The resulting gap in coverage gave rise to an obvious need for a new insurance product, designed to address emerging cyber risks.
What insurance coverage is available to cover cyber risks?
Many insurers now offer comprehensive cyber risk policies, providing both first- and third-party coverages. Perils covered under cyber policies include expenses incurred as a direct result of the breach, such as legal, investigation and public relations expenses, as well as indirect costs, such as business interruption and loss of goodwill. Third party coverages available include losses suffered by customers as a result of the theft and use of their personal financial data. Insurers also offer value-added services, such as network security testing, designed to help companies avoid and mitigate the effects of a data breach, and crisis management services.
Notwithstanding the electronic data exclusion discussed above, litigation continues with respect to whether and to what extent cyber losses may be covered under CGL policies.
For example, in Zurich American Insurance Company v. Sony Corporation of America et al,6 Sony sought coverage under a CGL policy in connection with an on-line breach leading to theft of customer personal information. Rather than seeking to recover under the Bodily Injury and Property Damage coverages, Sony instead argued that the breach of its systems by hackers, which resulted in the information of millions of its users being compromised, constituted a disclosure of information so to trigger coverage under the Personal and Advertising Injury Liability coverages in the CGL policy, as publication of material "in any manner." Sony's CGL policy included coverage for "oral or written publication, in any manner, of material that violates a person's right of privacy."7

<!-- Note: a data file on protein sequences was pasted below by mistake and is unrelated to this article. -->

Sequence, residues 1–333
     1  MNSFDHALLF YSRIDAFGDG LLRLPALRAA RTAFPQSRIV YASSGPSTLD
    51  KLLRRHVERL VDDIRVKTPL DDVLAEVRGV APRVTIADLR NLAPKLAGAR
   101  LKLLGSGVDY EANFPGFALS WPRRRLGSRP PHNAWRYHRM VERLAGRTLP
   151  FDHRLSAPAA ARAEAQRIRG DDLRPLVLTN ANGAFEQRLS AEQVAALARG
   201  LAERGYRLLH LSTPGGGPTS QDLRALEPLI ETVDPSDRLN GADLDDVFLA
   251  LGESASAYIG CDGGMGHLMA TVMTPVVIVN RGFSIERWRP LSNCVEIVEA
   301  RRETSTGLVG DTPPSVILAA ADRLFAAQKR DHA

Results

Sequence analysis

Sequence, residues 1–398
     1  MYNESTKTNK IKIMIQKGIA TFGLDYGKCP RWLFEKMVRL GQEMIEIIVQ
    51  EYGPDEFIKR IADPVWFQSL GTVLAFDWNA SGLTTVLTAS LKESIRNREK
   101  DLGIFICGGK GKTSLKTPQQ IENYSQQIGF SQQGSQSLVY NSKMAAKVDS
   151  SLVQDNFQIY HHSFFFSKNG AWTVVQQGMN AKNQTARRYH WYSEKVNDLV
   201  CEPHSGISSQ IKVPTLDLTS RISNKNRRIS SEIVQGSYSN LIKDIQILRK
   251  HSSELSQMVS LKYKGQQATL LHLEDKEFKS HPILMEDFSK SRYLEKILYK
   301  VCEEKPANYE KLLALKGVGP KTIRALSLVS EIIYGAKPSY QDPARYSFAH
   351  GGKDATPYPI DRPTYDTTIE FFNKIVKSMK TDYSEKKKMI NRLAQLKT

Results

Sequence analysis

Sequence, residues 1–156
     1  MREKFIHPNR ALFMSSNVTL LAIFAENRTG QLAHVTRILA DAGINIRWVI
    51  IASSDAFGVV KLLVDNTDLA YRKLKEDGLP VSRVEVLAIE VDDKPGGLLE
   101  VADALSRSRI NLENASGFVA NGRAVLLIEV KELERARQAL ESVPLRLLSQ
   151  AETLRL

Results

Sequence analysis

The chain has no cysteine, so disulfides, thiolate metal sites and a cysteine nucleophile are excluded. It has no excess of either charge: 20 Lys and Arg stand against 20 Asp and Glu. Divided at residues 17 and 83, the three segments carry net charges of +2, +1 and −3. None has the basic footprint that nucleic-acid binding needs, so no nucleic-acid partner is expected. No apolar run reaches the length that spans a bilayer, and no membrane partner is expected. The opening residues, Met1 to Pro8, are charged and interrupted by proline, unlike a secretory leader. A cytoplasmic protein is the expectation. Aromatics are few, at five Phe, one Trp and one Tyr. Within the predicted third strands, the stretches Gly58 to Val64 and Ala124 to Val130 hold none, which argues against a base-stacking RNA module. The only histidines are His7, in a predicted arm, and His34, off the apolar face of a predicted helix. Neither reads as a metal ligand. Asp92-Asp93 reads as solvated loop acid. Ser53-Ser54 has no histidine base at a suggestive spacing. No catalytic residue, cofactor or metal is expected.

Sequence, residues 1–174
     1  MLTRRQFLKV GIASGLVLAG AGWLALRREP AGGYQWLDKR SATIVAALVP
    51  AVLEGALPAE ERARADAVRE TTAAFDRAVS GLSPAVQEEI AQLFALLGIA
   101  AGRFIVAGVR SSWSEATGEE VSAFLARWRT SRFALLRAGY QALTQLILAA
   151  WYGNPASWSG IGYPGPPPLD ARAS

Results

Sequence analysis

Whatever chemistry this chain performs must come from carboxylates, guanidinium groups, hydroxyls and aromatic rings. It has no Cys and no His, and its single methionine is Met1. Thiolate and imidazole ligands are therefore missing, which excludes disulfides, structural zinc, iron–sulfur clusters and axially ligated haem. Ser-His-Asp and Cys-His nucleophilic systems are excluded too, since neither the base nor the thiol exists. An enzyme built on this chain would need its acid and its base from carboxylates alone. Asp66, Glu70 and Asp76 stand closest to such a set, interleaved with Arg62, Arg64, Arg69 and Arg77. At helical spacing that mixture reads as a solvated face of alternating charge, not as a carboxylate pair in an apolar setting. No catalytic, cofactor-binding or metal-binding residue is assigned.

Sony's insurers argued that the policy did not afford coverage, first, because "publication" required an intentional act on the part of the insured, and second, because "in any manner" referred to the medium of publication, rather than the source of publication.8 The Court agreed with the insurers, and held that Sony was not entitled to coverage; though the hacking incident did result in a "publication" of the user data, the general liability policy required that publication come as a result of Sony's intentional act.9 The Court ruled on a motion for summary judgment that Sony was not covered under its CGL policy for the breach of Sony's PlayStation Network and other online systems. As a result, Sony's insurers did not owe a duty to defend in class action lawsuits arising out of the breach.
Though the case is likely to be appealed, the decision may well be indicative that future attempts may be made to find coverage for cyber related losses under CGL policies.
Cyber risk insurance products and the legal issues surrounding them are in an emerging and developmental phase. However, as the number and extent of cyber losses is steadily increasing, and regulatory disclosure and reporting obligations are evolving, it is critically important that businesses take steps to insure and protect themselves against cyber losses.
1 Ponemon Institute, "Managing Cyber Security as a Business Risk: Cyber Insurance in the Digital Age" (Ponemon Institute LLC, August 2013) at 19-20.